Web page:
Choosing Pigments for Tricolor Printing

Commercial printers have process inks ready to go off the shelf, and at the same time, the separations are designed to optimize the performance of the inks. So in the printing industry, everything is hunky-dory except for the one little thing, that the colors are not intended to be, and are not, permanent.

By contrast, in tricolor or four-color gum printing, we have to blaze our own trail to a large extent. While commercial printers just order up lots of "magenta" or "cyan" ink, we are faced with choosing from various red, yellow, and blue pigments, few of which are precisely the hue of process inks, and some of those few not being lightfast. This presents both a constraint and a freedom. Few gum printers are interested in matching precisely the color balance of a commercial print job; instead we enjoy the freedom and flexibility of "interpretive" color balance. I do not provide here a recipe for exactly reproducing an "accurate" color balance; in fact I don't provide any recipes at all, just some things to think about when choosing pigments.

There are basically four things to consider in choosing pigments for tricolor: (1) the hue of the color, where it fits on the color wheel, (2) the strength of the pigment, whether it can hold its own with the other two pigments, (3) how well the pigment mixes with the other pigments you've chosen to produce intermediate colors and/or the neutrals that can result when three pigments mix together, and (4) the transparency or opacity of the color. I'll discuss each of these considerations in the context of describing individual pigments.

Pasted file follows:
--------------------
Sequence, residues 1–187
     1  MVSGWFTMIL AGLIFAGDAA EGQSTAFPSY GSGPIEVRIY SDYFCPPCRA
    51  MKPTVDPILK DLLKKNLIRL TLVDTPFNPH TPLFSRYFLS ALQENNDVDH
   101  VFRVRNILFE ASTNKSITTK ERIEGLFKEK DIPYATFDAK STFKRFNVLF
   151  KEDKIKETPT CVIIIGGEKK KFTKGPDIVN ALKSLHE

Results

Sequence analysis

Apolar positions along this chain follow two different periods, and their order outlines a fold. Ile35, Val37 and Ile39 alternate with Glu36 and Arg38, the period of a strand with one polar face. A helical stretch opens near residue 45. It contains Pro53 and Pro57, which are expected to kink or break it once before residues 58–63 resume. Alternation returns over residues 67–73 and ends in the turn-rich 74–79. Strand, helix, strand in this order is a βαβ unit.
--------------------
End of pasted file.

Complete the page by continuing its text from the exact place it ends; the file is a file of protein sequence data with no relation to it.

Blue pigments for cyan layer

Though the cyan layer is usually the last one I put down, (this is not a hard and fast rule; other gum printers print the cyan first to make it easier to register subsequent printings) I'll start with it here, because blue is the easiest. There are only a few blue pigments, and at least half of those aren't very useful for tricolor. While there are dozens and dozens of blue paints with dozens of different names, essentially all of these paints are made from six pigments: pthalo (PB15); Ultramarine, (PB29); Prussian (PB 27); Cerulean (PB 35); Indanthrone (PB 60); and Cobalt (PB 28).

The most commonly used cyan blue for tricolor is pthalo blue (PB 15 and variations). It is transparent, lightfast, gorgeous, intense. It's really the only choice for brilliant, jewel-like color mixes. It is a very intense color, so a little goes a long way. For some reason this is the blue that is most often given some other name for marketing purposes. If you've got something called "Winsor blue" or "Intense blue" or "Monestial blue" or "Hortensia blue" or "Hoggar blue" or "Delft Blue" or "Helio blue" or "Joe's blue," PB15 by any other name is still pthalo blue. 

I personally use ultramarine (PB 29) a lot for tricolor. To my eye, it makes more natural visual color blends (especially natural greens in landscapes) with the yellow (PY110) and the red (PR 175) that I prefer for tricolor work, than does pthalo. The remarkable thing about Ultramarine is that almost every Ultramarine paint actually has the word "ultramarine" in its name, and conversely, just about every paint that's named Ultramarine actually has PB 29 in it, except for "ultramarine violet" which is PV 15.